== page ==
Decolonising geographical knowledges or reproducing coloniality?

23666740_10155225931903693_505717603_nImage of Huw and Joy. Photography by Nina Willment

Geography: “a discipline that may not be ready to, or even capable of, responding to the challenge of decolonisation,” (Esson et al., 2017: 384).

Huw Rowlands (AHRC PhD, RHUL Geography) and Joy Slappnig (CDA PhD, RHUL Geography in collaboration with the RGS-IBG) expertly led Landscape Surgery this week, in a “Contemporary Debates in Human Geography” session concerning “decolonizing geographical knowledges” – a topic that not only formed the locus of important discussions at the recent RGS-IBG conference, but also inspired a forum in Transactions. Together we sought to ultimately explore and unpack the question: decolonising geographical knowledge or reproducing coloniality? To begin exploration of this challenging but salient topic, Huw and Joy posed three key reflective questions:

-What is geographical knowledge? How is it perpetuated? Why should we address it?

After a few moments of personal reflection, we were asked to document our initial reactions to these questions on post-it-notes, which we then used to populate flip-charts posting these questions around the room.


Example of flip-chart being populated. Photography by Nina Willment.

Building on these initial reflections, Huw and Joy proceeded to draw out the key ideas present across four important texts (listed below) which we had been asked to read in preparation for the session. Each of these texts investigated the idea of decolonising knowledges in poignant yet differing ways. There were three points of intersection that emerged across all of the articles, namely people, structures and framing. These then became key focal points in the subsequent discussion.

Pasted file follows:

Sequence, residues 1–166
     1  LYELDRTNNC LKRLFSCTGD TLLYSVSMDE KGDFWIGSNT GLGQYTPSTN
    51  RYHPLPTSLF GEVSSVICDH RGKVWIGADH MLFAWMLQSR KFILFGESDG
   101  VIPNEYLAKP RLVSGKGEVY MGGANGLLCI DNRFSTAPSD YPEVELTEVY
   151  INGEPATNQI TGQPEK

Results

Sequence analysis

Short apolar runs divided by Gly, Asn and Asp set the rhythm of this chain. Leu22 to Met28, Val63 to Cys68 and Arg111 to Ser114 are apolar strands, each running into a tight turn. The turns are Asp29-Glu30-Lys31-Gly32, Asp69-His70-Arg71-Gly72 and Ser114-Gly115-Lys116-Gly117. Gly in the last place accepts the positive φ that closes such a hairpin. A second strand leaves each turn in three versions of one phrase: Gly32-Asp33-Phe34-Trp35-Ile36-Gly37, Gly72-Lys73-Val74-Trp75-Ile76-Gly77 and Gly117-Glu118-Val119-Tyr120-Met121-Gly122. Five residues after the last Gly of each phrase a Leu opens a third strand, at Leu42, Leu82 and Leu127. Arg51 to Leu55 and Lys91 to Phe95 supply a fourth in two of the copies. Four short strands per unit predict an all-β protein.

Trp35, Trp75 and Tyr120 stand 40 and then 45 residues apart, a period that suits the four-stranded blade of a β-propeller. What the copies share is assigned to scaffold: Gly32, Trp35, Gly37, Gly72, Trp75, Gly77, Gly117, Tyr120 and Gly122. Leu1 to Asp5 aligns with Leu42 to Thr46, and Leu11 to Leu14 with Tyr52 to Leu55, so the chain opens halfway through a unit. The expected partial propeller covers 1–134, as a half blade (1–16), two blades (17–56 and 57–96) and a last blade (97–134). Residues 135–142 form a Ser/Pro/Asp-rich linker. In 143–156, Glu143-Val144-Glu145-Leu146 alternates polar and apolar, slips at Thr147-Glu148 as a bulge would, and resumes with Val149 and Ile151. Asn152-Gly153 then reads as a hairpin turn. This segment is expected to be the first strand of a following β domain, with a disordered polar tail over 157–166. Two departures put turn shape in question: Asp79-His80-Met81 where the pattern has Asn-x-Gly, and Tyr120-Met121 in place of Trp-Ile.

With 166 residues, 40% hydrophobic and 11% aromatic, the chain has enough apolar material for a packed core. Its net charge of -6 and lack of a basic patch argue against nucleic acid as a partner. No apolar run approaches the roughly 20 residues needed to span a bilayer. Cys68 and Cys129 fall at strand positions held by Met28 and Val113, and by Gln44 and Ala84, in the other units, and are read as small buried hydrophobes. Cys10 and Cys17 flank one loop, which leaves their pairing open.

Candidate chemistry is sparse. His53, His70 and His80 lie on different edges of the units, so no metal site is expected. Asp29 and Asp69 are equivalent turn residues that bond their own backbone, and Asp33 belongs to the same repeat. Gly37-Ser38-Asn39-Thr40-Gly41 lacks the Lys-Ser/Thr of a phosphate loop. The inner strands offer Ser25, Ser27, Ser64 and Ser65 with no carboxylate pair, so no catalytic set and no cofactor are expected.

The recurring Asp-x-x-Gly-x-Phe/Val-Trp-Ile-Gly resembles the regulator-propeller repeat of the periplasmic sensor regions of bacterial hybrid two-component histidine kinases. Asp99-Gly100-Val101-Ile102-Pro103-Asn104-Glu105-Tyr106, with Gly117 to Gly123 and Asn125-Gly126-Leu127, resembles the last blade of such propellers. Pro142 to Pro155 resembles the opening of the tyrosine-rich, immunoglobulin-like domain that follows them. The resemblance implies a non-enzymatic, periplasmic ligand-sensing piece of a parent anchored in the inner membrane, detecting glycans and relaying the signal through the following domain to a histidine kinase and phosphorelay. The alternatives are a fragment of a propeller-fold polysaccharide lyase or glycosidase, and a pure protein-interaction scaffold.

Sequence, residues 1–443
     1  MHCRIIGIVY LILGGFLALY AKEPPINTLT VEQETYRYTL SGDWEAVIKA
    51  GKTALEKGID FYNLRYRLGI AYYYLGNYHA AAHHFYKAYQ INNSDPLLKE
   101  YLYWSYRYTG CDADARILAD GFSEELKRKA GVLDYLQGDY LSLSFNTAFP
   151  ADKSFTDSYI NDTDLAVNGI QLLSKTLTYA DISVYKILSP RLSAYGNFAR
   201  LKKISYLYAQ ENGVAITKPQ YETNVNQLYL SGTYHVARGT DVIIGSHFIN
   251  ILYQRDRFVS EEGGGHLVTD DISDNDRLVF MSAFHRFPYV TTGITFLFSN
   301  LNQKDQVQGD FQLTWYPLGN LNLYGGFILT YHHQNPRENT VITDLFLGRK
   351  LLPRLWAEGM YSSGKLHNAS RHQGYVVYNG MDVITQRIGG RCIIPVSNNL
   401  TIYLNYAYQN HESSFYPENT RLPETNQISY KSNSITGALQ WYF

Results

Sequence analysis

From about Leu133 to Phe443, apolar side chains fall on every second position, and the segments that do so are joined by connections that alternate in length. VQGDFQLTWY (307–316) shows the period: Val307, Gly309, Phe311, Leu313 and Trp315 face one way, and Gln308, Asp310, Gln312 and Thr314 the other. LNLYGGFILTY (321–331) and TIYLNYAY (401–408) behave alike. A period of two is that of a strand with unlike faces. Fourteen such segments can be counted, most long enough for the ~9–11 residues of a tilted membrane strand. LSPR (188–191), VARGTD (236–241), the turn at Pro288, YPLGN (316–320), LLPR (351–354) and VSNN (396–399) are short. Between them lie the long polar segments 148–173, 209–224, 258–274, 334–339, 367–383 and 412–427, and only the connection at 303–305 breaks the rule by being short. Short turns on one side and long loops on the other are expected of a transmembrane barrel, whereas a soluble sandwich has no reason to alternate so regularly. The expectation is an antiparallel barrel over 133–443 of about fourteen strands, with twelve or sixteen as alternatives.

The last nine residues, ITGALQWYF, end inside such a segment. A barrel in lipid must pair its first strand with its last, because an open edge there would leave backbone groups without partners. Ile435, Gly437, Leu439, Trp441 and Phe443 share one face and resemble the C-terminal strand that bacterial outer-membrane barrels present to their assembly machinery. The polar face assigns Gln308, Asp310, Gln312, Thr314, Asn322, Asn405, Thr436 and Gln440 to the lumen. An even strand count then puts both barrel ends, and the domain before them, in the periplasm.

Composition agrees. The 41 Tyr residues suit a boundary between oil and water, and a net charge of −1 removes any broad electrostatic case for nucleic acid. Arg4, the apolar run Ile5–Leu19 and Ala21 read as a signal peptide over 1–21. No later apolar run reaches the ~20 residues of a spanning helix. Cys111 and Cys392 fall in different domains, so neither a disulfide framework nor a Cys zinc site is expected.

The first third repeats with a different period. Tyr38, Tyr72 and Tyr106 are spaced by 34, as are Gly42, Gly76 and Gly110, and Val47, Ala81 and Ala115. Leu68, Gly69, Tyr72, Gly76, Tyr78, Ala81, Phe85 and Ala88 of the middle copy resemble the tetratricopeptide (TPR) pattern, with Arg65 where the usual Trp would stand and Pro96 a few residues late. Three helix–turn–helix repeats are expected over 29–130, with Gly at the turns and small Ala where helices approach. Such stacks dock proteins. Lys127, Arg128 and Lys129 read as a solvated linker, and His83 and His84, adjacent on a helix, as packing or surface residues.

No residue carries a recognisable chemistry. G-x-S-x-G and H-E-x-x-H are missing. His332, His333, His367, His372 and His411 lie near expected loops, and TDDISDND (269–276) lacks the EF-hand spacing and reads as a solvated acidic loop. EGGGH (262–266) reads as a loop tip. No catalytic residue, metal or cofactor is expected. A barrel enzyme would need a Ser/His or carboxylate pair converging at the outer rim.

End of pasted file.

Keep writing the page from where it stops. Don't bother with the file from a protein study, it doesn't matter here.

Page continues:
• Decolonising geographical knowledges” by Sarah A Radcliffe
  • “Mainstreaming geography’s decolonial imperative” by Tariq Jazeel
  • “The 2017 RGS-IBG chair’s theme: decolonising geographical knowledges, or reproducing coloniality?” by James Esson et al.
  • “Black and Minority Ethnic (BME) student and staff in contemporary British Geography” by Vandana Desai
  • “Tribal Archives, Traditional Knowledge, and Local Contexts: Why the “s” Matters” by Kimberly Christen.

Huw and Joy then posed three extremely thought-provoking questions to discuss, first in pairs and then within larger groups. These questions were:

  1. Do we agree that geographical institutions perpetuate colonial domination through their structure and dynamics?  If so, what are we doing about it? What can we do about it?
  2. Do we agree that decolonising geographical knowledges and institutions should be determined by those ‘at the margins’? If so, is it being done or how can it be done? If not, why not?
  3. Do we agree that ‘Local Contexts’ is a positive example of how knowledge can be decolonised? How useful is this example for us?


Group discussion of question 2 by group 2. Photography by Nina Willment.

After our group discussions we then fed back to the rest of the room, presenting our thoughts on our given questions.

The following key themes emerged:

  • Language and translation
  • Wider issues of inequality such as access to funding
  • The continued need to have conversations on issues of decolonising geographical knowledges
  • The problem of the continual shift of who is considered marginal
  • The need to work to build knowledge in other languages
  • The idea of co-creation and co-positioning of knowledges
  • Encouraging action beyond the academy
  • The continued need for care in how we engage with this issue of ‘decolonising’
  • Issues of the insiders/outsiders dialectic.

All of those above and many more were highlighted as important issues to be considered and to work through, if we are ever truly going to begin to work towards decolonising geographical knowledges in a meaningful and productive way.


Huw and Joy leading the Landscape Surgery debate. Photography by Nina Willment.

Finally, Huw and Joy led us in a vibrant and animated debate which allowed individuals to comment, build upon and challenge the thoughts and feelings expressed by the smaller groups as they attempted to answer each of the three questions.

After such a compelling Landscape Surgery session, it is clear that questions around decolonising geographical knowledges are both intricate and urgent topics of debate. We would like to again thank Joy and Huw for leading such a critical and stimulating session.

Nina Willment





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